Tuesday, December 8, 2009

Emma Goldman arrested on E. 4th Street?

Yup, it is true. A century ago, this stretch of E.4th Street between the Bowery and 2nd Avenue was an important epicenter of New York City's labor union movement -- and a popular public forum for the anarchists, socialists, and other "-ists" that helped fuel the work-force's fire. (Eh, figuratively... in most cases.)

On October 30, 1906, already-prominent anarchist Emma Goldman was preparing to speak at 66-68 E.4th Street (now part of LaMama, then called Lyceum Hall), during an event which was organized to protest police suppression of free speech at a previous meeting. However, Goldman was arrested, along with ten others, during opening remarks by guest speakers -- she never had the chance to take the podium.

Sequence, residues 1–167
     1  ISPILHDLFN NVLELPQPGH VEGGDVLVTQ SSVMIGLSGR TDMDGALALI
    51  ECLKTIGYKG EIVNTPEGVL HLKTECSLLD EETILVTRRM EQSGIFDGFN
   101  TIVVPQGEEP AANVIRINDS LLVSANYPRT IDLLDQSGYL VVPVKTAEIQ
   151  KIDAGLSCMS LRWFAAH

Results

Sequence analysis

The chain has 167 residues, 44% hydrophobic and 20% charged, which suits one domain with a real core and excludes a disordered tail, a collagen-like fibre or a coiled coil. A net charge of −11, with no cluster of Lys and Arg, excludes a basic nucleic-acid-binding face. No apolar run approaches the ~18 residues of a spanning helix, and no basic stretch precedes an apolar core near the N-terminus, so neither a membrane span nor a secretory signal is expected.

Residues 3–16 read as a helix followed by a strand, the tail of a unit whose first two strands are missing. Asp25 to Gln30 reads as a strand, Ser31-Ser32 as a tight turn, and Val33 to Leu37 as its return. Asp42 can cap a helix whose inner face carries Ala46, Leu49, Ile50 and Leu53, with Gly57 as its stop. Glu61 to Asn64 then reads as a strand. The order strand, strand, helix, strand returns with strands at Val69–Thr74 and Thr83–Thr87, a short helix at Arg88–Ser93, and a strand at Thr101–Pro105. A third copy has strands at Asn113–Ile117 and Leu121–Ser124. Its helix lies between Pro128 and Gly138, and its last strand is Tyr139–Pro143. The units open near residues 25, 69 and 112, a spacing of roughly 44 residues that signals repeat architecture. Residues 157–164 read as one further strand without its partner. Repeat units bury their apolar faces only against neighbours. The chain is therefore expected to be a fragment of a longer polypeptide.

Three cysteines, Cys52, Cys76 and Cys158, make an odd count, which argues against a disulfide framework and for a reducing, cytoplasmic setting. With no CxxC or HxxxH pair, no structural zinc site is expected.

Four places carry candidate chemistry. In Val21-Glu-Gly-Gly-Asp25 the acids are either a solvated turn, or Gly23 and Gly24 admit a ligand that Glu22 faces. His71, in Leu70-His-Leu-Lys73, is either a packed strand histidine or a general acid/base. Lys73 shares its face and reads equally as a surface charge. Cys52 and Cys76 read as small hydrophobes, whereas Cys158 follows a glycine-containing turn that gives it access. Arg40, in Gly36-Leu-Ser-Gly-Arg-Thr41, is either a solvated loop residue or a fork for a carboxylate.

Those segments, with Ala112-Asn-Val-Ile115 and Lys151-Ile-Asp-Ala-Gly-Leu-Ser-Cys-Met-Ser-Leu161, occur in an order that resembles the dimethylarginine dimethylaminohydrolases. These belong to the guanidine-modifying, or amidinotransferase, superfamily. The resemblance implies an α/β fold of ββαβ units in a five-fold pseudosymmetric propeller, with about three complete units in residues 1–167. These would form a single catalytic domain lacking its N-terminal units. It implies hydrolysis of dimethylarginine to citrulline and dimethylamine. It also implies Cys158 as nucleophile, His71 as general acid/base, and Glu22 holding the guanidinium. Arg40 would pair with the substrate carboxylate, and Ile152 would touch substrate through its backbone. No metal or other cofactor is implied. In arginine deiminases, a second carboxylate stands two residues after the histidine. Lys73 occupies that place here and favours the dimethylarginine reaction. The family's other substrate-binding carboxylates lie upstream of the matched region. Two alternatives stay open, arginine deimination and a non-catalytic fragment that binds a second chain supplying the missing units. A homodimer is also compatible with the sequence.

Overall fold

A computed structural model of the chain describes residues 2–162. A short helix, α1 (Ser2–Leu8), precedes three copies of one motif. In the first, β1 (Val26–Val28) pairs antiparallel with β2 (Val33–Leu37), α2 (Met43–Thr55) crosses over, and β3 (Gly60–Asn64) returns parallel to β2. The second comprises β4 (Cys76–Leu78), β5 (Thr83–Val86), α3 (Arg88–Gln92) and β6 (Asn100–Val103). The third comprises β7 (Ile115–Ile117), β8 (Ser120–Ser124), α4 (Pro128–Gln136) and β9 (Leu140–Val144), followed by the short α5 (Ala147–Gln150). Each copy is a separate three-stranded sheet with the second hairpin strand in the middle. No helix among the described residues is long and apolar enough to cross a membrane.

In one account of the story1, Goldman was charged with "criminal anarchy" for distributing copies of Mother Earth magazine. In another account2, Goldman was charged with "unlawful assembly for the purpose of overthrowing the government."

Either way, all charges in Goldman's case were dropped by 1907, and she got her chance to speak at the Lycum again on November 11, 1907 - along with longtime partner, Alexander Berkman3. No incidents were reported.

  1. A book reference to the arrest
  2. PBS American Experience time line
  3. See poster from November 11, 1907 event

PS: Thanks to FAB for letting LESHP post some history to the blog. We would be interested in your feedback, input, and experience regarding any of the articles/topics we present.

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